In 1994, when I was still studying traditional Japanese printmaking in Tokyo, I had the chance to hold my exhibition Kilimanjaro in Nagasaki. The series, dominated by hues of red and black, were reproduced as postcards which I then mailed to Setiawan Sabana in Bandung. I was later told that he had also adorned black and red attire at the launch of his exhibition Menyapa Alam, Merambah Kertas in 1994. This could have been a mere coincidence, but was it also a primordial wave that cut across time and space, something difficult for the mind to expect and accept?
At the time, the political climate in Japan was quite highly-charged due to the threat of a nuclear strike by North Korea. Yet, the Land of the Rising Sun was quite adept at handling instigations by Uncle Sam whom frequently tries to take advantage of such murky international situations. The 1994 incident reminds us that we must constantly grow and mature for the preservation of civilisation.
Post-1994, I began to see Setiawan Sabana’s works under a different light. In my humble opinion, he does not deliberately set out to give new definitions or re-evaluations of prevalent printmaking methods, much less to do so specifically within the Indonesian context. If in his early days Setiawan Sabana was deemed to be influenced by the West due to his etching and silkscreen, which is in actual fact, a small technical issue. If he was seen to have adhered to European or Japanese printmaking methods, that is only an issue of art management.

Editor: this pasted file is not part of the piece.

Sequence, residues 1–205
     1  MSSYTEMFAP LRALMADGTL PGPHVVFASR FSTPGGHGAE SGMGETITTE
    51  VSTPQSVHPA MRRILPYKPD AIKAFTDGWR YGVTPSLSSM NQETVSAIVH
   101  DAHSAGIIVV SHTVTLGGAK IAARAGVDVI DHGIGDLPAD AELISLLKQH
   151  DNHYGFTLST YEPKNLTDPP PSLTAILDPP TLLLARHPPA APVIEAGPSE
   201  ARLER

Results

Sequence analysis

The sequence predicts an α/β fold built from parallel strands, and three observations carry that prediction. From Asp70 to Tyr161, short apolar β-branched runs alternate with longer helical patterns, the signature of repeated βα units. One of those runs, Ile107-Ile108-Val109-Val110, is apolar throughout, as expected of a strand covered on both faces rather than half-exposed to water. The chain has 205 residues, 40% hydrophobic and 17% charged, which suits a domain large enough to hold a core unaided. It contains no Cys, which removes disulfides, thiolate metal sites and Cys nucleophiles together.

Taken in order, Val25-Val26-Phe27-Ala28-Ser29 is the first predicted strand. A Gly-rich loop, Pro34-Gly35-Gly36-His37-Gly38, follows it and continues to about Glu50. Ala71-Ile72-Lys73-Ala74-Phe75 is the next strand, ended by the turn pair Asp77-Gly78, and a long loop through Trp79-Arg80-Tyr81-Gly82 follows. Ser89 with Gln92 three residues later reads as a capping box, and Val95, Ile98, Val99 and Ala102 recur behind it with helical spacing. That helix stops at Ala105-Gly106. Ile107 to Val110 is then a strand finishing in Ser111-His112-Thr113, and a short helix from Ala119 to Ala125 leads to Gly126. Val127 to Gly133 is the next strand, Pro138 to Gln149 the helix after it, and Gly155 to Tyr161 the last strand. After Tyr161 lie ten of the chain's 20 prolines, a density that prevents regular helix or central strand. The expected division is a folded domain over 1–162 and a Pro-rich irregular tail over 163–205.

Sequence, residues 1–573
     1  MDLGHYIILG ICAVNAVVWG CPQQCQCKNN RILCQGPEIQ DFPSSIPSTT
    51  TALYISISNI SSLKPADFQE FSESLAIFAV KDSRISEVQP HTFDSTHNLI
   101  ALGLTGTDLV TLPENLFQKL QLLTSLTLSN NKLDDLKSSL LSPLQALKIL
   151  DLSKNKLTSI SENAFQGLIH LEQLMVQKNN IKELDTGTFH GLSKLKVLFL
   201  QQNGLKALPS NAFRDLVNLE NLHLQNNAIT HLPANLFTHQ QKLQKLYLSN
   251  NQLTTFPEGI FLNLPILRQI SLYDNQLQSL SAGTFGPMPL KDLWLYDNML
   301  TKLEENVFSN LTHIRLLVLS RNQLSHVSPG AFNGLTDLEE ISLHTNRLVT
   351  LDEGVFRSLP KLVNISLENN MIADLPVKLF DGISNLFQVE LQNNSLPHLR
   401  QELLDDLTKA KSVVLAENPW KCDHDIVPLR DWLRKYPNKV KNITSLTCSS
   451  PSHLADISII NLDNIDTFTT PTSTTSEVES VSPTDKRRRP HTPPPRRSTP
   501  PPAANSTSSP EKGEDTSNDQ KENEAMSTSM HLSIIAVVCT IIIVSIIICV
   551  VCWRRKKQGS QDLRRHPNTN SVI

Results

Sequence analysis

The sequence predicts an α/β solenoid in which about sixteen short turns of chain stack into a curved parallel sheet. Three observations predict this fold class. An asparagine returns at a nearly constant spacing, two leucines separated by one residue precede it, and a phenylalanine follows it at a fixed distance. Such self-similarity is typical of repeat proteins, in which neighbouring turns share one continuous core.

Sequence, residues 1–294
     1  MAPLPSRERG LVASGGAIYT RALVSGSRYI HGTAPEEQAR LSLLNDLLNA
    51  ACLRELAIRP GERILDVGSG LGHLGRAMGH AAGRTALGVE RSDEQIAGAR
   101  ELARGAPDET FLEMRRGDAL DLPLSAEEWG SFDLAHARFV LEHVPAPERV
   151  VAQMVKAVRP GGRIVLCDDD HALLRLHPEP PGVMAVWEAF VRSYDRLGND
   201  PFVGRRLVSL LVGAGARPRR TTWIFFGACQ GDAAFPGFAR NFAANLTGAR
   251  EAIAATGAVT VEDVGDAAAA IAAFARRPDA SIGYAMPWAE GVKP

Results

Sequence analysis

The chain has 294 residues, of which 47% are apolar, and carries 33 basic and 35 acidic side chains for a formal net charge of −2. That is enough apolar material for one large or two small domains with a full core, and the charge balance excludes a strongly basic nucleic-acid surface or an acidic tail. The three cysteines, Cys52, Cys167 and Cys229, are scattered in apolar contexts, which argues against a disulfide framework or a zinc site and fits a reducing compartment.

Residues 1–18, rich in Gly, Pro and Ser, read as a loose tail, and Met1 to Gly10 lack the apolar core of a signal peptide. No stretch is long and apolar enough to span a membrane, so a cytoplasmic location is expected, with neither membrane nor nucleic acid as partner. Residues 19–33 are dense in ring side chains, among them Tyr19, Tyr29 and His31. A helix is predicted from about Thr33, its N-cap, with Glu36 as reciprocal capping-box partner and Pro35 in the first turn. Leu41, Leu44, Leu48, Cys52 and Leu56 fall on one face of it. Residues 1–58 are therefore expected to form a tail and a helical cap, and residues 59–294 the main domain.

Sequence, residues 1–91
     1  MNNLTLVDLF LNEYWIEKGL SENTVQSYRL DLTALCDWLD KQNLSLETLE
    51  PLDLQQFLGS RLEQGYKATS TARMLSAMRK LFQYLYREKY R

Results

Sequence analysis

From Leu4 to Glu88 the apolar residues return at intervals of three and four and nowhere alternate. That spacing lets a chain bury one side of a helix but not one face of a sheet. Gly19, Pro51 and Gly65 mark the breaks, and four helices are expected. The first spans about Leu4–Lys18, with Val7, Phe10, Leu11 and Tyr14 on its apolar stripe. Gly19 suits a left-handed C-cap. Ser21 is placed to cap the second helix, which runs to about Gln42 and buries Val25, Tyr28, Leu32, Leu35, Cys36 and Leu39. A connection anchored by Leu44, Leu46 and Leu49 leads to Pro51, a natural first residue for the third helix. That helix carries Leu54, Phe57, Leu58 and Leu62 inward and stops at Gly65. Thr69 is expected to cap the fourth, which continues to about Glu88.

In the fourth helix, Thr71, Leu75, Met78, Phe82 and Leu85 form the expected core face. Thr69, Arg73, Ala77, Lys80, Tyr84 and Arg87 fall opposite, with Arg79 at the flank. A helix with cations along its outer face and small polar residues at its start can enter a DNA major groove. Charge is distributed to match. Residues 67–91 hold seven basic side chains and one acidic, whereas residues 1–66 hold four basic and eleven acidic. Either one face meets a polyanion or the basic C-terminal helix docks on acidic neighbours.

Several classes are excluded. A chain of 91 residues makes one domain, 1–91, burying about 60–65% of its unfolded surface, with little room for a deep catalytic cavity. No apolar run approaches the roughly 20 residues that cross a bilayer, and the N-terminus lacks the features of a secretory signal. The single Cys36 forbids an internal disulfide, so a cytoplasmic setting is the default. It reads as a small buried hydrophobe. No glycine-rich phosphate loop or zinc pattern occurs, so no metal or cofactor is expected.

We must realise that today’s printmaking is a legacy of modern art. To enhance it, a system was created to ensure a better management of the product so that it can be marketed effectively in the industry. It seems quite insurmountable for us to evaluate and measure such matters within the ideals of an artist. Alas, everyone can make the choice for himself. One can choose to adhere to the existing recipe of modern printmaking—afterall there are many other elements that we frequently adopt and imitate. One can opt to quietly nurture the spirit of modern art, for it does bring us many tempting luxuries of life. And one can also reject it all in entirety, daring a divorce that can never be reconciled.
Studying in detail the works of Setiawan Sabana, we are reminded that nothing in this world is truly perfect and eternal except for the Divine. We are too obsessed and desperate for material goods even when such objects are truly fragile. These are basic lessons gathered from archaeology, yet secular scholarship at its worst ego and arrogance, frequently banishes morality to the fringes. This final note of cynicism in the exhibition is apparent in the decaying pages and books placed upon stands on the edges of the exhibition floor. Nothing speaks more clearly of being ostracised.